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2008

In Bruges

dir: Martin McDonough
[img_assist|nid=83|title=Seeing the sights in sunny Bruges|desc=|link=none|align=right|width=300|height=228]
It’s not often that I am completely ignorant of a film’s content or worth prior to checking it out, but I can honestly say that I knew nothing about In Bruges, Bruges or director Martin McDonough before watching this flick.

Sure, I’d heard that it was an okay film, but I had no practical knowledge of what would transpire when I watched it. And that’s a good thing.

Two criminals, Ray (Colin Farell) and Ken (Brendan Gleeson) are forced by their boss Harry (Ralph Feinnes) to take a little trip to a medieval town in Belgium called Bruges. We don’t know why for the film’s first half hour at least.

Ken finds the town beautiful, and is excited about doing some sightseeing. Ray is jittery, and acts like a reluctant five-year-old boy being dragged to cultural sights and delights that he couldn’t possibly give a toss about. Ken and Ray seem to have that snippy, comfortable relationship of people who’ve known each other long enough to know how far to go before pulling back, what, with the constant insults and sharing of drugs.

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Speed Racer

dir: Wachowskis
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I guess we can’t call them the Wachowski Brothers anymore, since technically they’re not both brothers anymore. Allow me to illuminate your confusion with an explanation, one of the few times where one of my more obscure references can actually be explained in a sane way that might make sense to another human being.

When they made Bound and the Matrix trilogy, two chaps sharing the name Wachowski were responsible as the directors. Now, as in as of a year or two ago, one of them is still a Brother Wachowski, and the other, thanks to the type of surgery that in Australia is still colloquially referred to as the “cruellest cut of all”, one of them has undergone gender reassignment surgery to become a Sister Wachowski.

Strange, I know, but don’t for a moment feel that I’m impugning the lifestyle choices of people who I believe have every right to do whatever the hell they want as long as they’re not hurting other people. He / She can do whatever the heck they want with their pink bits, surgery-wise or otherwise as long as it doesn’t involve my pink bits.

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Sparrow (Man jeuk)

dir: Johnnie To
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Hong Kong director Johnnie To has made so many films that saying something like “and so I’m going to review the latest film by Johnnie To” is a pointless endeavour, because by the time you’ve finished writing the review, he’s put out another film.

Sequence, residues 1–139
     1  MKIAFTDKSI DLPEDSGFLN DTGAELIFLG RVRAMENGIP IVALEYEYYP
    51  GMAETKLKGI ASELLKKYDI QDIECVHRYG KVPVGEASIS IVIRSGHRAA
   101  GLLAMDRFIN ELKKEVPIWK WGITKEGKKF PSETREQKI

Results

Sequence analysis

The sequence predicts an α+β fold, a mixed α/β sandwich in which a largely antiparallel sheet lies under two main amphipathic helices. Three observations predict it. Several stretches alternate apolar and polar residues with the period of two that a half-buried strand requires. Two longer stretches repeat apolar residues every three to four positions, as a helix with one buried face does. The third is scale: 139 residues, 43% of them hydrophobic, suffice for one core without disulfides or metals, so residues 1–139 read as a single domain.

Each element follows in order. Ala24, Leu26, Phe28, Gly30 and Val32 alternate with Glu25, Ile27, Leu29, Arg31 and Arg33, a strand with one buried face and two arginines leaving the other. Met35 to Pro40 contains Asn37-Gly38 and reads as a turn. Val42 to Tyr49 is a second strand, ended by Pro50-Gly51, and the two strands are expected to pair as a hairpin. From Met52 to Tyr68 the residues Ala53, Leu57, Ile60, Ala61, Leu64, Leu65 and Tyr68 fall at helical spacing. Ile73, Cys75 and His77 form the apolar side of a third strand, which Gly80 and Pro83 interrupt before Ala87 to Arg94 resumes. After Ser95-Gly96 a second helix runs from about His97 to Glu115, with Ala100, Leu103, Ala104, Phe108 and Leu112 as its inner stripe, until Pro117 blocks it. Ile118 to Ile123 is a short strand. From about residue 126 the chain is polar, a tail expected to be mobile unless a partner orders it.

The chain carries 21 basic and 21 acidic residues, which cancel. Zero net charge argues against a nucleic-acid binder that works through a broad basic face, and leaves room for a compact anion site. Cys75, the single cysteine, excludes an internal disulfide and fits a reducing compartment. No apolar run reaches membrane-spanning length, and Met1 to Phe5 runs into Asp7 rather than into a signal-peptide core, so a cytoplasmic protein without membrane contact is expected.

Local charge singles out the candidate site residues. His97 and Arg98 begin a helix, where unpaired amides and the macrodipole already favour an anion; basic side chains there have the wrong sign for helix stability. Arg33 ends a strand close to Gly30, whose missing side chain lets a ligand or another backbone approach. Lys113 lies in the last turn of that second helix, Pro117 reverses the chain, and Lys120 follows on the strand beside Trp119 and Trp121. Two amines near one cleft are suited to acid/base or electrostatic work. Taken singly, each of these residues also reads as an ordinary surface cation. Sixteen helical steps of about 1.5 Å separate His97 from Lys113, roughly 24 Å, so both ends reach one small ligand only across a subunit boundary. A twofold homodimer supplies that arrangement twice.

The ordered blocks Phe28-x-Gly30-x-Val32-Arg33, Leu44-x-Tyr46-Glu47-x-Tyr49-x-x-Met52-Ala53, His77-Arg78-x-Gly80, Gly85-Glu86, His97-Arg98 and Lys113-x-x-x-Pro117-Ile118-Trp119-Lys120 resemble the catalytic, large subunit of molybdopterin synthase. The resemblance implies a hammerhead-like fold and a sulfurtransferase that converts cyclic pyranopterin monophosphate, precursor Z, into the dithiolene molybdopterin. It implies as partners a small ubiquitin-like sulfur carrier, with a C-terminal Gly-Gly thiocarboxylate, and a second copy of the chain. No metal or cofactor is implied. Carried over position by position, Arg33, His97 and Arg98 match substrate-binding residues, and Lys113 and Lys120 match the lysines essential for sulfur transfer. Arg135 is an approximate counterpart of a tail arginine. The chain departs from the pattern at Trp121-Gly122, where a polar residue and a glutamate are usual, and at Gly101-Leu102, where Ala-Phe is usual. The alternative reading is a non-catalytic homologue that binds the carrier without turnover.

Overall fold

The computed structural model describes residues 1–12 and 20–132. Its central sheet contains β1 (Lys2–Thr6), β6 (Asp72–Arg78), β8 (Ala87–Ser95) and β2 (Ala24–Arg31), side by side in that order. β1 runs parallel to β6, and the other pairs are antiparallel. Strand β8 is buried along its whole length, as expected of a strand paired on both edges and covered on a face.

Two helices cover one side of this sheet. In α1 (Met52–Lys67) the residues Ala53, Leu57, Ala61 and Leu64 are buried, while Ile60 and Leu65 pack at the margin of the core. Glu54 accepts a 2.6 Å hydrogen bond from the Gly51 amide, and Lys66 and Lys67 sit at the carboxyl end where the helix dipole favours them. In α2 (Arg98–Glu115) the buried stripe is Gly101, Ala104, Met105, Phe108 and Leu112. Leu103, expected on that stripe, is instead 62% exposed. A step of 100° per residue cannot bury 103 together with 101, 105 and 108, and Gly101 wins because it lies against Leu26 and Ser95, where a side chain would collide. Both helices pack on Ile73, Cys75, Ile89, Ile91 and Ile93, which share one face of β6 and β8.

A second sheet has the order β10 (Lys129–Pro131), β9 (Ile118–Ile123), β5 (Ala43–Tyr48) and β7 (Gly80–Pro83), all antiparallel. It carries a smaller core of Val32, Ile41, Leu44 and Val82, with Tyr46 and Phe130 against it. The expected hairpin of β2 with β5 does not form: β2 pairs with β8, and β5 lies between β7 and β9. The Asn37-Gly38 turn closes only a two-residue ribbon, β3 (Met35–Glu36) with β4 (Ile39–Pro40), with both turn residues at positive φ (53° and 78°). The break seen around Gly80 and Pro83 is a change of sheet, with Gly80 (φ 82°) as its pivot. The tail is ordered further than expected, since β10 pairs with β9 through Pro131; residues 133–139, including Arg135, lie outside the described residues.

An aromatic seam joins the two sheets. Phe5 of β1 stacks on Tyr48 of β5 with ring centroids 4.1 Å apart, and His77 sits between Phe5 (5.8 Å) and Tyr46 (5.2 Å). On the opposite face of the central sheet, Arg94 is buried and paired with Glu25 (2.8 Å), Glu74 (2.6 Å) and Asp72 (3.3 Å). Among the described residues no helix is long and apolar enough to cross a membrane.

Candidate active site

At the very least I can say this is a recent film of his, and that I managed to catch it as part of a retrospective in honour of the great man that played recently at the Australian Centre for the Moving Image. Apparently he even came out to Australia for it, which is pretty sensational. He was probably pissed off that he couldn’t smoke in the theatre, if I can hazard a guess based on anecdote and on most of his films, in which every single goddamn character has to smoke constantly.

Of course even a fairly knowledgeable film watcher / movie goer would be saying to themselves, “yeah, and who the fuck is Johnnie To anyway, and why should I care?” And right you are.

It doesn’t matter. He is a good Hong Kong director who has made a string of decent movies. Sparrow is his latest, is a very good film, and I would even call it a significant departure for the director if his career wasn’t already littered with examples of genre-ignoring endeavours on his part.

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Happening, The

dir: M. Night Shyamalan
[img_assist|nid=11|title=Are we scared? Yes we are!|desc=|link=none|align=right|width=300|height=188]
The Happening, the happening… What happened again?

What happened was, M. Night Shyamalan made another film that was universally panned, and was actively laughed at by audiences, despite not being a comedy. I think it’s fairly obvious that Shyamalan is never going to be able to make another successful film. He should go back to working the drive through at some burger place.

Honestly, at least then people will buy what he’s selling. At the moment, no one gives him the benefit of the doubt when his unfortunate films debut in the cinemas. They’re pre-loaded for failure. People, whether critics or not, expect them to be bad with almost more certainty than the films of Uwe Boll or movies whose titles end in Movie.

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Doomsday

dir: Neil Marshall
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Doom, doom, doom…. Oh yes, someone is doomed. It’s you, dear watcher. It’s you if you sit through this.

Watching this movie gave me some hideous sexually transmitted disease. Not syphilis, but something not altogether nice all the same. Time for the blue lotion again, except this time I have to make sure I keep it away from open flames.

Doomsday as a title for this flick doesn’t even really make sense, but I guess they had to shorten it from its original title: Escape from 28 Days of Resident Mad Mars Aliens Later. Because this flick is little more than an attempt to do what the two prime dickheads in the recent Michel Gondry flick Be Kind Rewind do, which is to make cheesy versions of classic action flicks.

And poorly, I might add. It is so brazen in what it does, though, and I am qualifying this as much as inhumanly possible, that there are almost moments where I forgave it for how shitty and derivative it was.

It’s almost like walking through a crowd, sensing the hand of a pickpocket and grabbing it, and then feeling almost forgiving as you glimpse the little urchin’s cheeky smile beaming up at you. Before, of course, you bring the hammer down and crack his wrist.

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WALL-E

dir: Andrew Stanton